Physically, the rest of the cabin is the same. That means comfy front seats regardless of grade, but a somewhat tight rear seat with limited headroom, kneeroom and no face-level air vents.

Instead, it’s the list of features as standard that offers the greatest point of difference between the 2014 model and the pre-update CT 200h.

A reversing camera now cones across the range, and the base audio system gets ten rather than six speakers.

F Sport and Sport Luxury models have satellite navigation and a digital radio tuner as standard, as well as Lexus’ Enform connectivity system (which we’ll delve further into later).

There are also less obvious improvements, such as the 94 separate sound and vibration suppression features that make the 2014 CT quieter and more comfortable than before.

There’s more sound deadening, a more rigid bodyshell and a revised inlet tract that keeps engine noise muted even when at full throttle. The previous model was already pretty churchlike inside, but the 2014 CT 200h is even more so.

Due to the high-voltage battery’s position in the rear of the car, luggage space is still compromised. Still, at 375 litres with the rear seats up, the CT’s shallow-but-long luggage area isn’t that far behind even the most spacious of hatchbacks.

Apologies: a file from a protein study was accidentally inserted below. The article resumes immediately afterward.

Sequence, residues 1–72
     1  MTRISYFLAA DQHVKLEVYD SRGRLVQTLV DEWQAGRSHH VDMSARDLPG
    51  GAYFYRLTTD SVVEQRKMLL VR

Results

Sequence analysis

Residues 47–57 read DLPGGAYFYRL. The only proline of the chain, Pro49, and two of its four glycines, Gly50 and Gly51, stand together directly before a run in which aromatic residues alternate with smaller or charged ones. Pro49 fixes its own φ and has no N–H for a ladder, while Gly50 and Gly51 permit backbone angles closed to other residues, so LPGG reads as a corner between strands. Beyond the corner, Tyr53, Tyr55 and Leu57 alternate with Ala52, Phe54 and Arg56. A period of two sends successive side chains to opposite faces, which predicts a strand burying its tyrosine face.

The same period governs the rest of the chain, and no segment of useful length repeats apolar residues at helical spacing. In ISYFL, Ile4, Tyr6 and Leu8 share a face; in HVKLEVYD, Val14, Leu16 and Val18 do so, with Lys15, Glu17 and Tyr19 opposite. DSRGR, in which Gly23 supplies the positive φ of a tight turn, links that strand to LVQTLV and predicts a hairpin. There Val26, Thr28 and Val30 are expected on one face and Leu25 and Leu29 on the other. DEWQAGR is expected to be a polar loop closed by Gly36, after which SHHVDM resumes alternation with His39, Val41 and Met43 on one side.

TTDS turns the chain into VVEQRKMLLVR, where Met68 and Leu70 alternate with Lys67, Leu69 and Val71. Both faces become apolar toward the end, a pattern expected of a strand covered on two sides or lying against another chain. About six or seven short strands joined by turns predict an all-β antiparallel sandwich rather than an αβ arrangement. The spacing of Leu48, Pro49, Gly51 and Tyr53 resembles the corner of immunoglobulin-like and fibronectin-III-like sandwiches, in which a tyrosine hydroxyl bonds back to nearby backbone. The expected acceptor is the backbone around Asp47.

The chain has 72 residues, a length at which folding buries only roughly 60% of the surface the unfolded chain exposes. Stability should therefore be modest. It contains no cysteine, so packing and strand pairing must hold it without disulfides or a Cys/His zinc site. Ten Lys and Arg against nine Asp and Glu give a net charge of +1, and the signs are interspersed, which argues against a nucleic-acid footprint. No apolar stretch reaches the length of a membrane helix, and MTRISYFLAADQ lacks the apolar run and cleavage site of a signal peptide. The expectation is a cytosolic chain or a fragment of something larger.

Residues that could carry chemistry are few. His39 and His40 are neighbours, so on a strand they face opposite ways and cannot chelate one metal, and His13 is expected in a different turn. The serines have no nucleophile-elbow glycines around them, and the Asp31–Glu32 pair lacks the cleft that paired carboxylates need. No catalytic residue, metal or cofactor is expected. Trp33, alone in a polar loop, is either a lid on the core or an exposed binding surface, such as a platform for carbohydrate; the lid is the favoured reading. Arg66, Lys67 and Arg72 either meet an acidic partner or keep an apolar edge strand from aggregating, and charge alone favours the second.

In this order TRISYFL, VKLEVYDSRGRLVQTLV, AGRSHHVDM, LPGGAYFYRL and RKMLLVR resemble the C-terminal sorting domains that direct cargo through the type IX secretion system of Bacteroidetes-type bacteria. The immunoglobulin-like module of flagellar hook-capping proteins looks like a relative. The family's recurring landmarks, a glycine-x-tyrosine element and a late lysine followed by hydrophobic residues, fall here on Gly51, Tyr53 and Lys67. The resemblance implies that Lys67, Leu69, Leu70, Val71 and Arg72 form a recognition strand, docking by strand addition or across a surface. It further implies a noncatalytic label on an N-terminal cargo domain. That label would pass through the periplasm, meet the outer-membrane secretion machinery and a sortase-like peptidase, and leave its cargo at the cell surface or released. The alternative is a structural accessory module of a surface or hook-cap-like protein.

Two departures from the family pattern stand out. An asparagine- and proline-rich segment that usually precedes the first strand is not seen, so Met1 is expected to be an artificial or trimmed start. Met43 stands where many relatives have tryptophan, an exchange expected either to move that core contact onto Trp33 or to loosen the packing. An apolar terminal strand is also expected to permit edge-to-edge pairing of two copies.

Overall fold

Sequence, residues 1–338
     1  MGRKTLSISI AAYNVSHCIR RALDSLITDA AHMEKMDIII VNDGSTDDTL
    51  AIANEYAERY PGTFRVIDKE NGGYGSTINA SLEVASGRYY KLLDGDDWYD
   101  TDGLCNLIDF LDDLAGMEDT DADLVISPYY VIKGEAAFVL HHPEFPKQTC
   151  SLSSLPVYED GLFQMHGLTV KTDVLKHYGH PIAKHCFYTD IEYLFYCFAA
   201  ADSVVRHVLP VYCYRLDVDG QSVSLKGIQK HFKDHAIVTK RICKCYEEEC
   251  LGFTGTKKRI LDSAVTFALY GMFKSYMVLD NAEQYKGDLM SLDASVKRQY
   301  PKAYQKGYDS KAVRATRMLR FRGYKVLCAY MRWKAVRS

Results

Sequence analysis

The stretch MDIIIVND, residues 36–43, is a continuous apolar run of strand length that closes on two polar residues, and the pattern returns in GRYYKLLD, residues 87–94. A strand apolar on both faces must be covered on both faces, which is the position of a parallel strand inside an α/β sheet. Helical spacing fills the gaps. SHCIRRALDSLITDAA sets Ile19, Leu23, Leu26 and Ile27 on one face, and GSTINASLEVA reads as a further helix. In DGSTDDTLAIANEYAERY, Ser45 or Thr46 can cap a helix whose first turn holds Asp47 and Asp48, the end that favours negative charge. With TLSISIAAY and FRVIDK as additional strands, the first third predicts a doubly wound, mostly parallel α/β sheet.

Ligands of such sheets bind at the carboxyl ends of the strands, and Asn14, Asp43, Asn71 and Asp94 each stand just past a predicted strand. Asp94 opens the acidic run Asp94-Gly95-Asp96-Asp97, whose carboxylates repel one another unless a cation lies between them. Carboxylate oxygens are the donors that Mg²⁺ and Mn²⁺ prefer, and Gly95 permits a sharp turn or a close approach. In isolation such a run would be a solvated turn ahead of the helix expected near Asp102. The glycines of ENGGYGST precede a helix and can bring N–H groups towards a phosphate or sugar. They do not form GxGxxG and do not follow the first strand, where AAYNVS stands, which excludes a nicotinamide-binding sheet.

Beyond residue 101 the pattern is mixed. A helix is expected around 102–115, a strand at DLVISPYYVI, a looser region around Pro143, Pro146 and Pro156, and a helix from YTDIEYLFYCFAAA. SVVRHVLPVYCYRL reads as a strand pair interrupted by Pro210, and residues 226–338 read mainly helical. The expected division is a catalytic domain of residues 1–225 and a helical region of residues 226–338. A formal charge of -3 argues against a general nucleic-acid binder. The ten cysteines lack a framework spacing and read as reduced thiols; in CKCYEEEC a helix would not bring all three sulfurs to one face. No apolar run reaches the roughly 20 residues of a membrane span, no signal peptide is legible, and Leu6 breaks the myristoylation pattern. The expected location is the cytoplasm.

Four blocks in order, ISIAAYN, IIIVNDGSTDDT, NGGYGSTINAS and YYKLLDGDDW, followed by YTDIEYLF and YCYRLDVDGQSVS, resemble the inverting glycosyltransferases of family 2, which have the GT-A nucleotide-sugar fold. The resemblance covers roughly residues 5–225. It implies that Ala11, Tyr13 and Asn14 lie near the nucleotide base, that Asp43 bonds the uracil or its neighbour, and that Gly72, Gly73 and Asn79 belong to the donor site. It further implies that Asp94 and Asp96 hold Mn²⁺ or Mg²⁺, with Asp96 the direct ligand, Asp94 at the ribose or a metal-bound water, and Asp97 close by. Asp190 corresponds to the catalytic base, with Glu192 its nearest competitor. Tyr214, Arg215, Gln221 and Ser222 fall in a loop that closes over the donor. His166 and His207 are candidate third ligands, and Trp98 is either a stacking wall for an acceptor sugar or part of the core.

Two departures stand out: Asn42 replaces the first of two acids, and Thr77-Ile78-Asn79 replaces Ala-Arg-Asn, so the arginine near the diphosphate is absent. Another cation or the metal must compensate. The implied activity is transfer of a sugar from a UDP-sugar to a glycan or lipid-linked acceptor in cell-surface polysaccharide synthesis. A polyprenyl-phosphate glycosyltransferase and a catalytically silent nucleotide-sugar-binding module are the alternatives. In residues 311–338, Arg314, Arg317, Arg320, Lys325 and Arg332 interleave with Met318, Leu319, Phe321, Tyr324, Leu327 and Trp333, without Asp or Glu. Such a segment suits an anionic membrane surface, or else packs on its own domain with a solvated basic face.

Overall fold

• 73kW/142Nm 1.8 litre petrol 4 cyl, 60kW/207Nm 650V electric motor. 100kW/207Nm system output.
  • CVT automatic transmission.
  • MacPherson strut front, multi-link rear suspension.
  • Electric power steering, Disc brakes

The CT 200h’s petrol-electric powertrain and drivetrain is unchanged for 2014, with power and torque remaining at 100kW and 207Nm respectively.

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It’s not exactly quick, and even when the drive mode is set to Sport (which delivers an extra boost to the electric motor), the CT 200h can feel pretty sluggish.

The CVT transmission is also 'flary' and for those moments where you need a quick stab of power, the CT can be slow to respond and found wanting.

That shortcoming aside, the CT certainly handles well.

While the electric power steering’s weight is artificially heavy in Sport mode, turn-in is sharp and grip levels are high.

Even along the rain-soaked first half of the drive route, the CT 200h exhibited great roadholding.

While the engine carries over - it's a shame it didn't get a drivetrain update - the suspension has been comprehensively re-tuned for 2014.